The title for Russell’s film Freedom for the Wolf comes from a quote by philosopher Isaiah Berlin:
Freedom for the wolves has often meant death to the sheep.
That’s the films opening pitch, before it moves onto the substance of the recent Occupy Central and Umbrella democracy demonstrations in Hong Kong in 2014.
The film opens with a group of demonstrators protesting China’s new electoral reforms by having their heads shaved. The demonstrators want free universal suffrage, free elections and the right to have a democracy. They believe the new reforms being ushered in by the Chinese government for 2017 will remove Hong Kong’s autonomy, and force its citizens to accept state sponsored politicians selected by the government in Beijing.
The issue stems from the fact Hong Kong was under British rule for some considerable time. This inculcated a sense of democracy and freedom then unimaginable in the rest of China.
In 1997, Hong Kong was given back to China. At the time, it was agreed Hong Kong would be ruled under the “one country, two systems” rule devised by Deng Xiaoping. This allowed Hong Kong and Macau to retain their capitalist economy, while the rest of China would still be governed by a socialist system. Now this is changing—which led to the Umbrella protests.
The story of these young radical students provides an in to the film’s thesis on the rise in illiberal democracy.
Dangerous Minds: How did you manage to film the Umbrella/Occupy Central protests in Hong Kong?
Rupert Russell: We actually just got really lucky is the simple answer to that. We actually did Japan and Hong Kong as part of the same trip. We knew the protests were coming. They had been threatening to do this civil disobedience action for a long time. We went early September right around the mid-autumn festival they have there. It was all starting to kick off. We thought, This is an interesting story—a democracy struggle in Hong Kong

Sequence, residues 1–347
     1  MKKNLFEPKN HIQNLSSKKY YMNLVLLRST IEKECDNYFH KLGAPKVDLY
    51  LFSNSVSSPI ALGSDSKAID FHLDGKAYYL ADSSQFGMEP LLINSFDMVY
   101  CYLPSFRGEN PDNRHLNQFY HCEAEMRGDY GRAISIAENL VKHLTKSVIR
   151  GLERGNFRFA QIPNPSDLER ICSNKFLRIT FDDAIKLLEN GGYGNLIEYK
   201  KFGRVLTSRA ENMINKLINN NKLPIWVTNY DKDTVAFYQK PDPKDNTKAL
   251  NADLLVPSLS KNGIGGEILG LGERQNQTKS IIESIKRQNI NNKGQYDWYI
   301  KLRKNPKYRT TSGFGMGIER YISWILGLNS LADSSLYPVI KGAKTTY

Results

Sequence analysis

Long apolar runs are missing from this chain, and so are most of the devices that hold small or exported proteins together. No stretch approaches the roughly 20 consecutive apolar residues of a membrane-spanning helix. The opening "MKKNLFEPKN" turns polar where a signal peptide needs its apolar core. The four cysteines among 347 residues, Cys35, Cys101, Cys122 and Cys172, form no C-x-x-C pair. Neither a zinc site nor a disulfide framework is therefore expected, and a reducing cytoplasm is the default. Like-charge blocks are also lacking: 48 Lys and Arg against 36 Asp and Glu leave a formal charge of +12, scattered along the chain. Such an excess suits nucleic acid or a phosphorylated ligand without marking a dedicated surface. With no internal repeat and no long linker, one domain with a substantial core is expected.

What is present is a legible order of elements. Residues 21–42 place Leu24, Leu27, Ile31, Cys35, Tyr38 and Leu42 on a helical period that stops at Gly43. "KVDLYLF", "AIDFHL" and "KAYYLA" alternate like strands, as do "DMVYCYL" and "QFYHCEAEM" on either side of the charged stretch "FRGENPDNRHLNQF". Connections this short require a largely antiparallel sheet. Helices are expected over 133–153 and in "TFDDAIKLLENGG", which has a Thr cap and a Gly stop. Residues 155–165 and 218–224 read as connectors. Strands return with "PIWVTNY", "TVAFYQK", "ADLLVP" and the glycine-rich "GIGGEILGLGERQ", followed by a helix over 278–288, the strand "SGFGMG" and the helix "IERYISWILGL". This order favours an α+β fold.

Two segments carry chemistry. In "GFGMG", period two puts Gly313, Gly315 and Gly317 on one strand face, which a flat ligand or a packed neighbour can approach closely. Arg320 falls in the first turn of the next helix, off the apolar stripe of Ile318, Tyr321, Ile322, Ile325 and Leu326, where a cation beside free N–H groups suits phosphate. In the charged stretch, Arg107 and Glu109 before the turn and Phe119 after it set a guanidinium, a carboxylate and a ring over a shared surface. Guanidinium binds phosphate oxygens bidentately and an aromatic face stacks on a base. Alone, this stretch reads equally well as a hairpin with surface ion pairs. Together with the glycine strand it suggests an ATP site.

What’s interesting about the Hong Kong case study—is that China’s basically trying to do is to set up an illiberal democracy by design. With almost all of the other countries we examine it is almost something they are stumbling upon. It doesn’t matter whether you are Saddam Hussein or Assad—you kind of need to have this ritual of election. That has become a norm in our political culture. What these autocrats have discovered independently of each other is that elections need not be a challenge to the existing power structure of any regime necessarily.
China kind of figured out that what they could do was set-up an illiberal democracy by design. Meaning they could take the main institutions of a liberal democracy—such as freedom of association, freedom of the press, be independent of the judiciary, even independent of political parties, and have the ability to field candidates. They could take each one of those institutions and systematically undermine them.
You saw this particularly with the press which has been going on for years. The Hong Kong press has been very critical of the Beijing authorities representative in Hong Kong. You have seen an extremely systematic campaign to close down this pocket of free expression within China. They don’t do it through illegal means—they don’t come in and say “We’re going to close you down.” They do it more indirectly.
For example, there was a big story in the New York Times around this time two years ago about how the China liaison officer had gone to the world’s major financial institutions—such as HSBC and Standard Charter—and said, “You’ve got to stop taking out advertisements in certain publications.” I mean they were really talking about the tabloid paper that was very pro-democracy called Apple Daily. They did. They pulled out $20 million worth of advertising from the paper in an effort to bankrupt it. That sends a signal to the other newspapers if they were critical of Beijing then there would be repercussions.
Director Rupert Russell during the filming of ‘Freedom for the Wolf.’
DM: Has there ever been a history of freedom and democracy in China and Japan?
Russell: What I found very interesting when we first started filming was—we mention this in the film—is that the Chinese and Japanese language did not even have any words for “freedom” until they came in contact with the West. Even when they did have the word “freedom” their translators tended to pick words that meant “selfishness.”